For example, the Min­uteman III system – the standard American ICBM – was intro­duced in 1970. The Ohio-class sub­marine, which forms the sea-based leg of the triad, was com­mis­sioned in 1981. And, despite being intro­duced in 1958, the B‑52H Strato­fortress makes up over 3/4 of the American nuclear-capable heavy bomber fleet. The U.S. has not even pro­duced a single nuclear warhead since 1988.

For­tu­nately, the Department of Defense plans to address each leg of the triad within the next decade. If the defense budget is flat­lined or cut, however, any of these nuclear mod­ern­ization pro­grams could be pushed back even further.

Com­pounding the problem of geopo­litical insta­bility, the rapid devel­opment of futur­istic mil­itary tech­nologies – coupled with advance­ments in arti­ficial intel­li­gence – has the potential to change how war is fought.

Within the past few weeks alone, for example, China was observed testing a ship-mounted elec­tro­mag­netic railgun, while Russia announced plans to deploy its Avangard hyper­sonic missile in 2019. Russia’s Avangard system is par­tic­u­larly con­cerning, as it is both nuclear-capable and reportedly can travel at a speed of 15,000 mph. According to U.S. offi­cials, each of these weapons is nearly impos­sible to defend against with current tech­nology.
To maintain the security of America and her cit­izens, the mil­itary must quickly develop ways to counter advanced weapon systems like these. Ensuring that the U.S. mil­itary remains the most tech­no­log­i­cally advanced fighting force in the world is crit­i­cally important.

The final step must be sus­tained U.S. investment in arti­ficial intel­li­gence (AI). In a 2017 study on the future of warfare, the Department of Defense called AI “the most dis­ruptive tech­nology of our time.” It has a host of potential combat and non-combat mil­itary appli­ca­tions, including advanced tar­geting systems, improved logistics, and real­istic training pro­grams.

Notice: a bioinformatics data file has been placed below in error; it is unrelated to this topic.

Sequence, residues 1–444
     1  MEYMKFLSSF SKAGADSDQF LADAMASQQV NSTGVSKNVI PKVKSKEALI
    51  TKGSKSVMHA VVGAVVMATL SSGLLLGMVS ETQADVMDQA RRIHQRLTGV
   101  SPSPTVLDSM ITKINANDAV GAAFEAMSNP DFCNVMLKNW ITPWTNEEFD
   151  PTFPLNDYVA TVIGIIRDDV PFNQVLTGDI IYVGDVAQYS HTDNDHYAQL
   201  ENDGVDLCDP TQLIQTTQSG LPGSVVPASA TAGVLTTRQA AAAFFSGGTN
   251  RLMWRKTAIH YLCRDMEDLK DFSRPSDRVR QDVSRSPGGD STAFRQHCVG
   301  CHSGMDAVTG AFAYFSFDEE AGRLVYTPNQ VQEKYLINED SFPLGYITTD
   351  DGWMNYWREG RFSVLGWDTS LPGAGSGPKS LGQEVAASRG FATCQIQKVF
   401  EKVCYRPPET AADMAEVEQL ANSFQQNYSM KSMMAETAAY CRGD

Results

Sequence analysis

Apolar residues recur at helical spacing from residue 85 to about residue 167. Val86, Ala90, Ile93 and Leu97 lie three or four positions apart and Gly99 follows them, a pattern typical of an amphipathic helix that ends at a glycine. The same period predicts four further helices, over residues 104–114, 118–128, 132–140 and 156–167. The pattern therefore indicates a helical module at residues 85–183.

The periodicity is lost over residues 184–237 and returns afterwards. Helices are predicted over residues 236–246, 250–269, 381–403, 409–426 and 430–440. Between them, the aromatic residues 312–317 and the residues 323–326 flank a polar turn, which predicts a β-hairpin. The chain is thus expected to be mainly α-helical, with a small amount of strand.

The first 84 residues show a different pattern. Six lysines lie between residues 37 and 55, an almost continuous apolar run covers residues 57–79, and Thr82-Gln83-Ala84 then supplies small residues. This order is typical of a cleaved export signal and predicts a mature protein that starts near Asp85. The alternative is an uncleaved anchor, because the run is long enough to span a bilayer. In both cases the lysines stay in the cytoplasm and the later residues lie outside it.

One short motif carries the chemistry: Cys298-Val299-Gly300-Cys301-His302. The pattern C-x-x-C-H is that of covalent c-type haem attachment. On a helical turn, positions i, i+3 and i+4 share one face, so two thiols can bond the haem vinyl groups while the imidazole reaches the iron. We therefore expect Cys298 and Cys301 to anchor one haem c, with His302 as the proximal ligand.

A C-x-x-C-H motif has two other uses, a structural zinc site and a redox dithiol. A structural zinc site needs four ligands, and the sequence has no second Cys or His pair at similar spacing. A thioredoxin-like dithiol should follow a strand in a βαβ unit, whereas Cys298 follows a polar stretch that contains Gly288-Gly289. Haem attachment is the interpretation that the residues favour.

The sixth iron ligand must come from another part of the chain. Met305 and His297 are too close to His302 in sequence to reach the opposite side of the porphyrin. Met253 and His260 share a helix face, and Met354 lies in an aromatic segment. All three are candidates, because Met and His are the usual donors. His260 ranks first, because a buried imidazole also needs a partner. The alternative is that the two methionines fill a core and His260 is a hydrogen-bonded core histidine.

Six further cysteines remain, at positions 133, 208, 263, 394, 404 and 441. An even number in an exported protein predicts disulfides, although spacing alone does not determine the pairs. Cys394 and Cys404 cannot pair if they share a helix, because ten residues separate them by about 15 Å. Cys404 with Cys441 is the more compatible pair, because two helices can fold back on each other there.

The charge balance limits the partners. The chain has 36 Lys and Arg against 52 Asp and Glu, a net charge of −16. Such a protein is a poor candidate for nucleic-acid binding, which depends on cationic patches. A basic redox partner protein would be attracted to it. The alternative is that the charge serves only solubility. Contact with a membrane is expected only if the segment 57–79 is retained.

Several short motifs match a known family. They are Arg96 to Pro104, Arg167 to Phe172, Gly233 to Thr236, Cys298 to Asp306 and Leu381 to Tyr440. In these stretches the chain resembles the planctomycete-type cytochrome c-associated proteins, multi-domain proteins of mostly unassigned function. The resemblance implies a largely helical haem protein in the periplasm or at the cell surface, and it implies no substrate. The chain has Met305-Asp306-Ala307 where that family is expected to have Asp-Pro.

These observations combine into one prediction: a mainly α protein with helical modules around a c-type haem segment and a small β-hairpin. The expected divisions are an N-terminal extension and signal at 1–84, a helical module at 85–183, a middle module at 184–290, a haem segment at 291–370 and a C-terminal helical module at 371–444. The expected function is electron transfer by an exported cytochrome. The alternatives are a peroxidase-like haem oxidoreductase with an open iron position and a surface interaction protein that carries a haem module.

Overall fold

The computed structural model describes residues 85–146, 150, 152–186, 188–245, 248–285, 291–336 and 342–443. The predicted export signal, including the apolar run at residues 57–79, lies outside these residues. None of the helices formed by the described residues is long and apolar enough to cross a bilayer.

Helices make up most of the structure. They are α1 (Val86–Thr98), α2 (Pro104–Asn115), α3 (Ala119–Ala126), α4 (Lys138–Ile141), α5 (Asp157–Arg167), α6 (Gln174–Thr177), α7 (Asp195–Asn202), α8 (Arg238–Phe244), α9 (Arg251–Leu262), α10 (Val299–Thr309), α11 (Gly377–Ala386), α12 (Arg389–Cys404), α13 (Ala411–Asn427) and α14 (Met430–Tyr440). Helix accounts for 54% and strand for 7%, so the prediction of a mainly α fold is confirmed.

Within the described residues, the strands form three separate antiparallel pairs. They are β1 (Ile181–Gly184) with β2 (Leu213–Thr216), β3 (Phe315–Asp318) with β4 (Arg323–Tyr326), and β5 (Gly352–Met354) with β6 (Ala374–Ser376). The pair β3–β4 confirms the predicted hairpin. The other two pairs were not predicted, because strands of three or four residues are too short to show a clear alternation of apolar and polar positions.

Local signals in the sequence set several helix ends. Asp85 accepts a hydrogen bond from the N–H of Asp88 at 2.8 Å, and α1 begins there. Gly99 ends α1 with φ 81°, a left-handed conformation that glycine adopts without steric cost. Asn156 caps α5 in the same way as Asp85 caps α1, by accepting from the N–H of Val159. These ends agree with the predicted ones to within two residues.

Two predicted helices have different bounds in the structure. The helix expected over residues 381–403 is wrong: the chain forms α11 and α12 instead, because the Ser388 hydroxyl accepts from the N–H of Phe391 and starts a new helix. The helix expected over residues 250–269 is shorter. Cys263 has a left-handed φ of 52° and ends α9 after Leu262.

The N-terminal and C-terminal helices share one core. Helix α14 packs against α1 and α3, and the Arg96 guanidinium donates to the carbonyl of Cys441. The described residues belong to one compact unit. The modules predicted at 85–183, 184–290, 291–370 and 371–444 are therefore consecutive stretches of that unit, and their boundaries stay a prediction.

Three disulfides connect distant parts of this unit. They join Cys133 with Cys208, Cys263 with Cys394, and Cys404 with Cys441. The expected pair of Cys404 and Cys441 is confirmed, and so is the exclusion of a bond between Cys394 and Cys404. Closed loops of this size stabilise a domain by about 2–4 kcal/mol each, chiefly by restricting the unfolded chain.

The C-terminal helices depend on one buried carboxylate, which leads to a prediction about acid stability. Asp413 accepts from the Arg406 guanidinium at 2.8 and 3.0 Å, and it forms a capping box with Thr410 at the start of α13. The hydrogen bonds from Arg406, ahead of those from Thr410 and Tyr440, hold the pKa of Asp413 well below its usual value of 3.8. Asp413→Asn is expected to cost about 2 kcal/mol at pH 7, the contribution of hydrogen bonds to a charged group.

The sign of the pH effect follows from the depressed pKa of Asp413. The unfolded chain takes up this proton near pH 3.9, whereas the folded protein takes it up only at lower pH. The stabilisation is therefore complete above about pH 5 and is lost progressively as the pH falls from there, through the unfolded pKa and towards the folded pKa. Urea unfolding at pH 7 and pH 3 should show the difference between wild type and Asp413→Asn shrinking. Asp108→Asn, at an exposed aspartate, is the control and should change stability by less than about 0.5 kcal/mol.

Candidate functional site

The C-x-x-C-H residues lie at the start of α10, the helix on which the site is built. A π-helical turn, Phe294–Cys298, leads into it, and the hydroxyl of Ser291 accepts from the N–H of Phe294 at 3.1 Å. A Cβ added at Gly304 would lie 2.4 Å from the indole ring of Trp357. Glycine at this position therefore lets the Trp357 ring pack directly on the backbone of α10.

However, the U.S. faces tremendous com­pe­tition in the AI race. In an effort to become the world leader in AI by 2030, China is spending bil­lions more per year on AI research, devel­opment, and appli­cation.

For the first time since the end of the Cold War, America’s role as the premier global super­power is being chal­lenged. Revi­sionist regimes China and Russia have shown an increasing will­ingness to chal­lenge America’s role as the premier global super­power. In an effort to elim­inate American mil­itary supe­ri­ority, these nations are pouring sig­nif­icant resources into devel­oping advanced mil­itary tech­nologies.

How can the U.S. counter these chal­lenges? One thing is clear: The U.S. must pri­or­itize mil­itary spending to maintain deter­rence against potential adver­saries. By mod­ern­izing the nuclear arsenal, devel­oping advanced weapons systems, and winning the AI race, the U.S. can protect the safety of its cit­izens while pre­serving world sta­bility.

In a time of global tur­bu­lence and uncer­tainty, American leaders would be wise to follow one of the oldest prin­ciples of grand strategy: si vis pacem, para bellum. “If you want peace, prepare for war.”